The opinion of the court was delivered by: MASTERSON
MASTERSON, District Judge.
The relator, who is presently incarcerated at the State Correctional Institution at Graterford, Pennsylvania, has filed a petition seeking a writ of habeas corpus. His present confinement is a result of having been found guilty by a jury of assault and battery, aggravated assault and battery, and assault and battery with intent to ravish. On February 9, 1968, the relator was sentenced for a term of 1 to 4 and 1/2 years. The relator was represented by counsel at his trial.
Motions for a new trial and in arrest of judgment were denied on January 30, 1968, and there is no record of an appeal being taken. However, in May, 1968, the relator filed a petition under the Pennsylvania Post Conviction Hearing Act, 19 P.S. § 1180-1 et seq., which alleged numerous grounds for the illegality of his detention. On May 23, 1968, the Voluntary Defender was appointed to represent the relator.
In his answer to our Show Cause Order, the District Attorney has admitted that the petition has been listed nine times since June 17, 1968, without success. There have been various reasons for the numerous relistings - three times counsel has been unprepared, three times the relator has not been brought from prison, once no judge was present. On August 4, 1969, the matter was continued so that the relator's counsel could file an amendment which alleged sufficient facts to warrant relief. The petition has been again listed for hearing in the state courts on September 12, 1969.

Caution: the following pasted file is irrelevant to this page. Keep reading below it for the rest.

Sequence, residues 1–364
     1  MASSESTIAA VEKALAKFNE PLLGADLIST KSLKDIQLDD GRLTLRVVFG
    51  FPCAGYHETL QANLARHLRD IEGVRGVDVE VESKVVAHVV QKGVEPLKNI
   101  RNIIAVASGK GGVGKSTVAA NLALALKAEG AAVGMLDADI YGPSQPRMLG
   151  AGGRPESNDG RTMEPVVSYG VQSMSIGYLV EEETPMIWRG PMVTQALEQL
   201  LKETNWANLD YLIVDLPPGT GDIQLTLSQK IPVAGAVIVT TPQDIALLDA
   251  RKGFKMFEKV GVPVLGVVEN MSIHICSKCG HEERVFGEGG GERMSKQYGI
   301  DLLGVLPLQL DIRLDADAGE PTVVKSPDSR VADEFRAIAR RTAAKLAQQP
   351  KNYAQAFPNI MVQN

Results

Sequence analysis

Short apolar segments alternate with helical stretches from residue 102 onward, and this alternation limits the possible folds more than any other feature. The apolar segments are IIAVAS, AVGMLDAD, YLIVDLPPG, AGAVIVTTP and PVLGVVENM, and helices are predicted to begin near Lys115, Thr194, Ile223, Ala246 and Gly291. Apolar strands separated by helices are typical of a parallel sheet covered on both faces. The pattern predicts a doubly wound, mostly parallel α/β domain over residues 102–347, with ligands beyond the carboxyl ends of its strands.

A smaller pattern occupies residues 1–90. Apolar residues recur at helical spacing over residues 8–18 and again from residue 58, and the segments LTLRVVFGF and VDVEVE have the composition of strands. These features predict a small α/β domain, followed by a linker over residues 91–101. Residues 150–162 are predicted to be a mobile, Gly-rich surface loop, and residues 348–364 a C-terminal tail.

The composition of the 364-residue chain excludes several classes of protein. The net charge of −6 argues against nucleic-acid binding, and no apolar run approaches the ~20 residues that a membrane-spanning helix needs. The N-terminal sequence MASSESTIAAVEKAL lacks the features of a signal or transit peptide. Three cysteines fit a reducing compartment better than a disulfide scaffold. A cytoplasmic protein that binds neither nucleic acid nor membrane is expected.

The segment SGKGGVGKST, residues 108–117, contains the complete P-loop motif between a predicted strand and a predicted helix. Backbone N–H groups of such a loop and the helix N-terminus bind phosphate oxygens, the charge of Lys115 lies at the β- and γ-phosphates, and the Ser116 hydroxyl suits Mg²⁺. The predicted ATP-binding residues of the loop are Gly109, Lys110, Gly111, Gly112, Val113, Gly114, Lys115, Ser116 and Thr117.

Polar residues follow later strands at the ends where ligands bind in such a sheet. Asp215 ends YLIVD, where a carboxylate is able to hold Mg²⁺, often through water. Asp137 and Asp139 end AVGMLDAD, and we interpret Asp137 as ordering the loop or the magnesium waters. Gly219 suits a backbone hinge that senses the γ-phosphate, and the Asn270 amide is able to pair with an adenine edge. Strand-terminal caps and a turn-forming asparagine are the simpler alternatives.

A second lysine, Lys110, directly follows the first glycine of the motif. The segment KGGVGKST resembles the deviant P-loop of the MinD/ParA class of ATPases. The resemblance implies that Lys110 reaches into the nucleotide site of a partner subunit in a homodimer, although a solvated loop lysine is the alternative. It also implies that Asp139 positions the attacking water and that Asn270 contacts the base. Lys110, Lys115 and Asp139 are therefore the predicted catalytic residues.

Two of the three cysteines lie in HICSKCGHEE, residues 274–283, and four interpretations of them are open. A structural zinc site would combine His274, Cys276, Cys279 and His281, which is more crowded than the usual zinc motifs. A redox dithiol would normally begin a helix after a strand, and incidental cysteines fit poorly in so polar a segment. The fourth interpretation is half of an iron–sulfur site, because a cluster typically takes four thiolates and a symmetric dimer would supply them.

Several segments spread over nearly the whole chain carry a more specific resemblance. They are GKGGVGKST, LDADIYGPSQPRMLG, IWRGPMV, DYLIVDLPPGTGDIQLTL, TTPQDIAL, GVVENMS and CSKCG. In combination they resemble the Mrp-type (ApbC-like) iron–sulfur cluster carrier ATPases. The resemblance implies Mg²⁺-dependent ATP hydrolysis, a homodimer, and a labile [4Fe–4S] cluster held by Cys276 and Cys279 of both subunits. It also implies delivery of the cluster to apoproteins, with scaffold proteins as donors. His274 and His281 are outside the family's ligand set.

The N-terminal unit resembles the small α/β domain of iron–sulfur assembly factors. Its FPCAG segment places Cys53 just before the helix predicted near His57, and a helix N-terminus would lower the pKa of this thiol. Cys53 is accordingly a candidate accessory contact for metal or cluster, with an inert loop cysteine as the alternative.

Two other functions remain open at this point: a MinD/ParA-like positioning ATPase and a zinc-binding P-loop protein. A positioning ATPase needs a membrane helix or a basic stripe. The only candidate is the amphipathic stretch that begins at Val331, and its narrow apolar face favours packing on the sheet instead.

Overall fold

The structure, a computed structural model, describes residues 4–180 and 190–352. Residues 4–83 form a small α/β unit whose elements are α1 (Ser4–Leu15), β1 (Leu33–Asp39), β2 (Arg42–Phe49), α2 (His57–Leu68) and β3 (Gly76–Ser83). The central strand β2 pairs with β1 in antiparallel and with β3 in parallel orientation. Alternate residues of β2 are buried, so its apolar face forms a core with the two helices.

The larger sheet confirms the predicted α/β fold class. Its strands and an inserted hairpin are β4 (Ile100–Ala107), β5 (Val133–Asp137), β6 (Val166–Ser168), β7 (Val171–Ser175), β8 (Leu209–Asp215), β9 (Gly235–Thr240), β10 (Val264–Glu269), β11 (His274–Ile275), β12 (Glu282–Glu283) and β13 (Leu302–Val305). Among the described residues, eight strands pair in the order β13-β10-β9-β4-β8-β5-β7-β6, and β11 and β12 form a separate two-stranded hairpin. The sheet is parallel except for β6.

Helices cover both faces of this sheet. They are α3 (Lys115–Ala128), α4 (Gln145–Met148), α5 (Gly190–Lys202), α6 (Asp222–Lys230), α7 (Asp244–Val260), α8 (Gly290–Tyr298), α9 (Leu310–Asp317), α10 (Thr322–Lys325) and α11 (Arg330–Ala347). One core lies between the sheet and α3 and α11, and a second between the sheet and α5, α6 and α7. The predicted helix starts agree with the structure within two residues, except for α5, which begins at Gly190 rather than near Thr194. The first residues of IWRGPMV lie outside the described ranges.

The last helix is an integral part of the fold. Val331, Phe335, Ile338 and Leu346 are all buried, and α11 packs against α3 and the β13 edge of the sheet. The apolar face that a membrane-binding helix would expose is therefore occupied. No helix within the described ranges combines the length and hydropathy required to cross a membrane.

While we regret the procedural morass that has occurred in the state courts' attempt to hear the relator's P.C.H.A. petition, we nonetheless find that under the circumstances the relator has failed to exhaust his state remedies. 28 U.S.C. § 2254. Our finding is based on the following considerations: (1) the relator's counsel has contributed to the delay; See United States ex rel. Harper v. Rundle, 279 F. Supp. 1013 (E.D.Pa.1967); (2) the state, while not without fault, has been diligent in relisting the matter when postponements have occurred; (3) as another hearing date is reasonably imminent, we think it best to allow the state courts the first opportunity to determine whether the relator is being illegally detained; Frace v. Russell, 341 F.2d 901 (3rd Cir. 1965), cert. denied, 382 U.S. 863, 86 S. Ct. 127, 15 L. Ed. 2d 101 (1965). Accordingly, we will enter an Order denying relator's petition for a writ of habeas corpus without prejudice.
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